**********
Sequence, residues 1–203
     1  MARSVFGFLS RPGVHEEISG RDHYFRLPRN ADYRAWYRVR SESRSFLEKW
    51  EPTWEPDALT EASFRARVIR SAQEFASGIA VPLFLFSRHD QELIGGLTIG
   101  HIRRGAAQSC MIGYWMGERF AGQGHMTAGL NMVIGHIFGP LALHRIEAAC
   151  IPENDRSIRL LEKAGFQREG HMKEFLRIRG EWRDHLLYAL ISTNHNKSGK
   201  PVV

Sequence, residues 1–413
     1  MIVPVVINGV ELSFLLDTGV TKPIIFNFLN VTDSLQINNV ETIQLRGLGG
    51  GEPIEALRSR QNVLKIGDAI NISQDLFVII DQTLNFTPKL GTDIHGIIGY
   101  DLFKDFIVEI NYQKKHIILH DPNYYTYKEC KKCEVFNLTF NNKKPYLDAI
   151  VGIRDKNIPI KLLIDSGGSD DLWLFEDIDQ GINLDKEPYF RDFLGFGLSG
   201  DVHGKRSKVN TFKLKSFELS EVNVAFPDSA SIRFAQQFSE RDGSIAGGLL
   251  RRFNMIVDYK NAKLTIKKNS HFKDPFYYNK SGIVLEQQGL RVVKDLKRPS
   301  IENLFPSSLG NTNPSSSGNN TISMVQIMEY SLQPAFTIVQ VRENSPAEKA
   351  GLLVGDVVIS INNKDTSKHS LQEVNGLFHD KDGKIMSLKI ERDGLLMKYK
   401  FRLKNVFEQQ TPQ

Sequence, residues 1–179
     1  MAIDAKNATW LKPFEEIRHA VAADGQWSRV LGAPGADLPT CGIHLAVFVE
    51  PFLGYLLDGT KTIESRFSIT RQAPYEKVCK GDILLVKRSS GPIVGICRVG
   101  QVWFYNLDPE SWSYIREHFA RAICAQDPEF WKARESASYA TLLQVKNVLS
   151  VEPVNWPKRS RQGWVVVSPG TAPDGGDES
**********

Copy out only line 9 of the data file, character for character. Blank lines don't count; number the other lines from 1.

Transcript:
    51  GEPIEALRSR QNVLKIGDAI NISQDLFVII DQTLNFTPKL GTDIHGIIGY